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Outback Steakhouse Landlord Found Liable for Patron’s Sidewalk Slip and Fall Injury

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Outback Steakhouse Landlord Found Liable for Patron's Sidewalk Slip and Fall Injury

A New Jersey appellate court reversed the decision of a lower court to grant a request from one of Outback Steakhouse’s landlords for indemnification from the restaurant in a slip and fall case. A patron who slipped on a sidewalk and suffered an injury while leaving the eatery petitioned the case.

In a per puriam opinion, the Superior Court Judges Stephanie Ann and Thomas W. Sumners Jr. overturned the trial court’s decision to fulfill Hartz Mountain Industries’ request for reimbursement from Outback.

The appellate court said that it is “entirely plausible” that Hartz should have been found entirely responsible for the jury. Hartz had non-delegable duty for the sidewalk maintenance and was obligated by a contract to uphold the location’s condition.

Hartz and Outback had settled the claims made by Kamal Daswani, the patron, who suffered the slip and fall accident because of the presence of black ice on the sidewalk while leaving the restaurant. The incident took place in January 2016 and left Daswani with a critical right ankle fracture and surgery. As per the opinion, Daswani is not a participant in the appeal.

The Superior Court said, “By settling the claim, and thereby obviating any allocation of fault by the trier of fact, there is simply no basis to require Outback to indemnify Hartz for some unknown percentage of fault.” Judges Stephanie Ann and Thomas W. Sumners Jr. agreed with the argument of Outback that there was an absence of any language in an indemnification agreement from 2005 that called for the restaurant to compensate Hartz for its negligence.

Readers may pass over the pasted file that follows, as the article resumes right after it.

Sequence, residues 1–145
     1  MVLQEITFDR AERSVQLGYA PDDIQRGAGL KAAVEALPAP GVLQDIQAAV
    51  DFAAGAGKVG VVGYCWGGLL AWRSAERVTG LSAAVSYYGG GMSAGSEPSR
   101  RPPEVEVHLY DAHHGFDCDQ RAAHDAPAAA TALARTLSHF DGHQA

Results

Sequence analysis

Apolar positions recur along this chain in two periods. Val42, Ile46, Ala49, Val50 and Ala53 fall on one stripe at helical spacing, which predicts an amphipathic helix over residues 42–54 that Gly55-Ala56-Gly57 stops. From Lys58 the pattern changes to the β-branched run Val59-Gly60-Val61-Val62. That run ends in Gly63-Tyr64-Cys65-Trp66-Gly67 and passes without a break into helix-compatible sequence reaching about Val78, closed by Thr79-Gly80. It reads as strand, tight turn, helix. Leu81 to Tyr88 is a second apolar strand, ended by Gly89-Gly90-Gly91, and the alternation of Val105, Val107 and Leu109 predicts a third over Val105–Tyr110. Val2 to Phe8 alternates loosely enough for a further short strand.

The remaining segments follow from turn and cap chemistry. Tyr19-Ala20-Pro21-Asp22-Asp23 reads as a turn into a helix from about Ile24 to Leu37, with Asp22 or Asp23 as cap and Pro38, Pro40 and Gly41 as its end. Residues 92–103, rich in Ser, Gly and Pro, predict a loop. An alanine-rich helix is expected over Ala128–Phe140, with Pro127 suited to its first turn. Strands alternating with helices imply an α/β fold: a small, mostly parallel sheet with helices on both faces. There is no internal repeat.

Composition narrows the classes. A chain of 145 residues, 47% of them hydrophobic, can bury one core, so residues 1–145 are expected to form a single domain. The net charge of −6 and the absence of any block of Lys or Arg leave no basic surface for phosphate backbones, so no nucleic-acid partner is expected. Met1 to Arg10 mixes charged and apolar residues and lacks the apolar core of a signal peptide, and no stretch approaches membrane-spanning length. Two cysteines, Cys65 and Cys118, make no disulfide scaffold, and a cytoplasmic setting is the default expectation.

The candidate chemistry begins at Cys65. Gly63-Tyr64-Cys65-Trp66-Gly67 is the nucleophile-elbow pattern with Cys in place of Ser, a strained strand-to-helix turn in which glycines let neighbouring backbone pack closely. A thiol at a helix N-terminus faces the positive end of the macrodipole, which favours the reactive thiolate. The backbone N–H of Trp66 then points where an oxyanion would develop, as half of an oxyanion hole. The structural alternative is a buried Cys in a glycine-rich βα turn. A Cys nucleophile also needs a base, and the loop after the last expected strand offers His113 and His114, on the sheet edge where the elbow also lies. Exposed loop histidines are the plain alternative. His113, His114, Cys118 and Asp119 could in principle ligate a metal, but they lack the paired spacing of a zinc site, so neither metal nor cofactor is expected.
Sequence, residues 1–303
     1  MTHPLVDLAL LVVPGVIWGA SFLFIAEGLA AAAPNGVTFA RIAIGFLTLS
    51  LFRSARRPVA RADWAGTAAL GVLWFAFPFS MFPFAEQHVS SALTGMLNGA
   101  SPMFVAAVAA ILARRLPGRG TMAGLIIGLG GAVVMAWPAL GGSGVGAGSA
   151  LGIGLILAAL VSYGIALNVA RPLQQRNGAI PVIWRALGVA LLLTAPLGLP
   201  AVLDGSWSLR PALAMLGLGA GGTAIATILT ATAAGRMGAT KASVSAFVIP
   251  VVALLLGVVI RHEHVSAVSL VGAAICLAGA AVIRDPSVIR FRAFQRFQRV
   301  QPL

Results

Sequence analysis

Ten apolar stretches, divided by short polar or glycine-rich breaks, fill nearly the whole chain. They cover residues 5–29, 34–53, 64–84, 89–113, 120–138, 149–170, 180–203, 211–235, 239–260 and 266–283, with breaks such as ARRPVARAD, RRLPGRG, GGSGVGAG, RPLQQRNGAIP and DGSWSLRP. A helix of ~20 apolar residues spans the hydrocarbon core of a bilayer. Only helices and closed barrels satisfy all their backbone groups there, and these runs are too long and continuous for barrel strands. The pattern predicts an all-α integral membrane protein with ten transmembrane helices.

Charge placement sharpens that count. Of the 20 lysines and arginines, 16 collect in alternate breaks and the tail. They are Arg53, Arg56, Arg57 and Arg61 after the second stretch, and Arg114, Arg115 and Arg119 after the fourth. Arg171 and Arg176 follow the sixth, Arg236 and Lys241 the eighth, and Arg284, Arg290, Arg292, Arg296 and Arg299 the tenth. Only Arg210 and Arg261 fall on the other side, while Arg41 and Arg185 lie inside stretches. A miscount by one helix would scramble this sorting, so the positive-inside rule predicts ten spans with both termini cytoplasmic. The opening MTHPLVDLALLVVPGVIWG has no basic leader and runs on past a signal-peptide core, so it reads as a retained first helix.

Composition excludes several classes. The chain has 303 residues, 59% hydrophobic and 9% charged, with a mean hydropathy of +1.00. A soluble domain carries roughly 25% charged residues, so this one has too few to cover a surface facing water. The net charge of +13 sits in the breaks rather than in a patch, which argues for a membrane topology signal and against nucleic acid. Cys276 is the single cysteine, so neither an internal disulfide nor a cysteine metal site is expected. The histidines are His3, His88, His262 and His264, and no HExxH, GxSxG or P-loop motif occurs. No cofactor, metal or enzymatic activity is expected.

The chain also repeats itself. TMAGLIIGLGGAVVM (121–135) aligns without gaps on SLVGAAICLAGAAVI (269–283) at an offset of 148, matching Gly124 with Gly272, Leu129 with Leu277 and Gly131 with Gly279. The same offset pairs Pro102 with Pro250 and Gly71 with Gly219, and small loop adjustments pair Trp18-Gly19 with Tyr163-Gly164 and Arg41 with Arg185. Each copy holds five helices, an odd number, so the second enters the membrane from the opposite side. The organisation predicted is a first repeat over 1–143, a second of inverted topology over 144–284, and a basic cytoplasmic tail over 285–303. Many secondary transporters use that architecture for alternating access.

Since the indemnification agreement neither excluded nor mentioned the negligence of Hartz, the trial court called for Hartz’s reimbursement. However, the appellate court found that the failure to prove any reference to Hartz’s negligence nullified its claim.

The decision stated that the example set by the Azurak v. Corp. Prop. Inv’rs case  “is one of inclusion, not exclusion.” The judges added that the contract did not specifically allow for compensation to parties against losses incurred, as the intention behind indemnification is not expressed.

The appellate court rejected the argument put forth by Outback that a lower court erred by contesting the motion of the summary judgment’s issue of liability.

As per the common law, the appellate judges said that the commercial tenants are responsible for injuries due to accidents occurring at the adjoining sidewalk.

The opinion stated,  “The judge correctly found that Outback had a duty to maintain safe premises, which included areas of ingress and egress, and there were issues of fact concerning whether Outback breached its duty that precluded summary judgment.”